The history of broadcasting in Australia

The history of broadcasting in Australia

Explore the transformative journey of radio broadcasting in Australia from its dawn in the 1920s to its flourishing presence in the 1930s with Barrett Communications.

Radio broadcasting, a novelty in late 1923, forever reshaped Australia’s communication landscape. This chronicle delves into radio’s transformative journey from the rudimentary 1920s to the flourishing 1930s.

The advent of radio broadcasting in Australia

In the twilight of 1923 and the dawn of 1924, Australia’s cultural hubs, Sydney and Melbourne, marked the genesis of radio broadcasting. This developing era saw nine licensed broadcasters spring up across the nation. Such a promising debut of public voice transmissions signalled radio’s potential as a transformative communication medium.

The evolution of radio devices

Radio technology underwent a rapid metamorphosis. The earliest devices were battery-powered and dauntingly complex, catering more to the technically inclined than the average household. As technology advanced, these intimidating machines transitioned into mains-powered, user-friendly devices designed for everyday use. This evolution positioned radios as staple household items, often seamlessly integrated into furniture, blending functionality with aesthetics.

The growth of radio in the 1920s

The 1920s witnessed explosive growth in radio usage. Within five years, the number of licensed listeners swelled from a modest 1,200 to over 300,000, a testament to radio’s widespread appeal. Even the onset of the Great Depression failed to stifle radio’s burgeoning popularity. By the end of the 1920s, 20% of Australian households were tuned in, reflecting the medium’s resilient growth trajectory amidst socio-economic challenges.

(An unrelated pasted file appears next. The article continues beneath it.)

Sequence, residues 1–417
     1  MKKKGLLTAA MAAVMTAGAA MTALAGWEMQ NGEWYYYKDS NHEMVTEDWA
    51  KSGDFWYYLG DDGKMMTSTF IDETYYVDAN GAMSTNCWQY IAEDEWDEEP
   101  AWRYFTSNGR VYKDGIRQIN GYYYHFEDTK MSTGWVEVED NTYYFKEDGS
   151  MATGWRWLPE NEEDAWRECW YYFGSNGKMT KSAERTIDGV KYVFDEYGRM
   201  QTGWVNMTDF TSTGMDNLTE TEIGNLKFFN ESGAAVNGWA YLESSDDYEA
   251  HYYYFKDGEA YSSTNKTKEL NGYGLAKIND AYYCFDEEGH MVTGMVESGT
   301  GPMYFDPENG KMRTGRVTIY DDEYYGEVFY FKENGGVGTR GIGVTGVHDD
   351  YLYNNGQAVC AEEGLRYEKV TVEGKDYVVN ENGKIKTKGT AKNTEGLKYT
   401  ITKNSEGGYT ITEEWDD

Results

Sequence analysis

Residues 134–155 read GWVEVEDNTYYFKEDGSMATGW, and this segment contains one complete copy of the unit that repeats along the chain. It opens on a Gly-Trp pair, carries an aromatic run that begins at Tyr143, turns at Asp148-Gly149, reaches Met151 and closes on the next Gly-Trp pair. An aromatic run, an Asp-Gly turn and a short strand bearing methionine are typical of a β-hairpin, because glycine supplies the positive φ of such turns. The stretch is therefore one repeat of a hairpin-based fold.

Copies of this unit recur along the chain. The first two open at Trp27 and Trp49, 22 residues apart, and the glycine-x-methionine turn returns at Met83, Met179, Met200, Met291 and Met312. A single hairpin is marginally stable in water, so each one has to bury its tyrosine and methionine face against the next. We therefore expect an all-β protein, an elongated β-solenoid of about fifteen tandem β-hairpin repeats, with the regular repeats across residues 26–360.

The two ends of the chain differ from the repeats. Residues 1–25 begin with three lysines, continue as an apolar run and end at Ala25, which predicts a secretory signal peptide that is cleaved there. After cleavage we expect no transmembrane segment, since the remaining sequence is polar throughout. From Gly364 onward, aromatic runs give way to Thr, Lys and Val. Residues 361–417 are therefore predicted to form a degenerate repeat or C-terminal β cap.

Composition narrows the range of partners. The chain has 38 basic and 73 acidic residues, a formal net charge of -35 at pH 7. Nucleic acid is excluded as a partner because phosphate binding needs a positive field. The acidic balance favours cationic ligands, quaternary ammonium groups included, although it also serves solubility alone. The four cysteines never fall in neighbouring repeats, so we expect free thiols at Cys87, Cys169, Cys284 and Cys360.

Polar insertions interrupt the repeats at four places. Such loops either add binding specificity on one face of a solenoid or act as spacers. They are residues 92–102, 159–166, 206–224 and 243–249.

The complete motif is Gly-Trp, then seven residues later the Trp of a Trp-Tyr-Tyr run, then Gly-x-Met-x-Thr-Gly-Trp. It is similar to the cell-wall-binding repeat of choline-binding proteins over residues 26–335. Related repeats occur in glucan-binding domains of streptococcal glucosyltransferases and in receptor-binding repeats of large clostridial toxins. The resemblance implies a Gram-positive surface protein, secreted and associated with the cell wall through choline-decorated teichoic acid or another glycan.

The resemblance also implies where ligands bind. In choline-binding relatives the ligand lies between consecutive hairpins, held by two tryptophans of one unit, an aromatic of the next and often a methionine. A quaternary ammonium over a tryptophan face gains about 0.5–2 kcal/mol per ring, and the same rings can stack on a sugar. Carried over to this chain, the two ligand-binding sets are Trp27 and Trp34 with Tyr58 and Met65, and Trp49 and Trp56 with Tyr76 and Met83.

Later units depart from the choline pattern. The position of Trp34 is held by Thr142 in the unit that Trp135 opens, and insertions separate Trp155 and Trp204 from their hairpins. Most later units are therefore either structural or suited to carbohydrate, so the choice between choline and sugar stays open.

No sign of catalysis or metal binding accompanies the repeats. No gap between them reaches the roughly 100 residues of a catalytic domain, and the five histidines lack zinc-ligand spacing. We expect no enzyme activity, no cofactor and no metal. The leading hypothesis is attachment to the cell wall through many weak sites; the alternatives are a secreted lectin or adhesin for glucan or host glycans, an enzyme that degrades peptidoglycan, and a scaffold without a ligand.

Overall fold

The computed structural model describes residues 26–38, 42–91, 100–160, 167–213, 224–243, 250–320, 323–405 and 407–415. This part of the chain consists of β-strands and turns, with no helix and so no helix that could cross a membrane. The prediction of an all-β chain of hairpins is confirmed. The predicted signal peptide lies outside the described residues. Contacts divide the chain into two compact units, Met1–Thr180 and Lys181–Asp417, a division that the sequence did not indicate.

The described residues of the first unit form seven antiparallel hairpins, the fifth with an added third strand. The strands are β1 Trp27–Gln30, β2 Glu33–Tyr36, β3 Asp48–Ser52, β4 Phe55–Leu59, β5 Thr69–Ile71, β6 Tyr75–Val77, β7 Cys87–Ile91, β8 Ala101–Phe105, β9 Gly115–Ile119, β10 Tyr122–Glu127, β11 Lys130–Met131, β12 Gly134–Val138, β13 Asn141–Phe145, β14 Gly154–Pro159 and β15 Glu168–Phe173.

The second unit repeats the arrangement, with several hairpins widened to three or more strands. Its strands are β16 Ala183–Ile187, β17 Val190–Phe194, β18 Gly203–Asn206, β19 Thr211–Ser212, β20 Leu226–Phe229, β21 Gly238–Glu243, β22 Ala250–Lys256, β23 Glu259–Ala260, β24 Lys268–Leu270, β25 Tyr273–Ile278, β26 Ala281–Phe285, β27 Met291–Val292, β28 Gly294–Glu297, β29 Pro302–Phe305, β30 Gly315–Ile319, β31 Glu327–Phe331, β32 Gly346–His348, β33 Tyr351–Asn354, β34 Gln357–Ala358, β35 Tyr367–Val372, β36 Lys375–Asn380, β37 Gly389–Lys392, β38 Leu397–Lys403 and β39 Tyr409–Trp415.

The regional divide in radio access

Despite commercial radio’s nationwide popularity, its reach during the late 1920s remained predominantly urban-centric. Of the 22 licensed stations, an overwhelming majority, 19 to be precise, were stationed in major cities. Regional cities were markedly underrepresented, with only three — Newcastle, Toowoomba and Bathurst — boasting licensed stations by 1929.

Radio penetration by the end of the 1930s

As the 1930s drew to a close, licensed radio listeners surged to over 1,102,315, accounting for approximately 16% of Australia’s population. In household terms, this translates to around 66% of families having access to a radio, a poignant indicator of the medium’s rapid and expansive penetration into everyday life.

An overview

Commercial radio in Australia underwent a significant transformation from the 1920s through the 1930s. It evolved from an emerging technological wonder to an integral part of domestic culture, withstanding socio-economic upheavals and earning a coveted place in most households. The radio soon became more than a communication device; it was a highly sought-after commodity that brought entertainment, news and a sense of global connection to the Australian public.

These early developments in Australian radio broadcasting had a lasting impact on the country’s radio and media landscape, shaping it into what we see today. At Barrett Communications, we are well-versed in radio’s historical significance and its modern relevance. Committed to this tradition of innovation, we continue to deliver advanced radio solutions that resonate with radio’s enduring impact on global communication. For more on how we can help shape your communication needs, please contact us.


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Post by Cameron Berg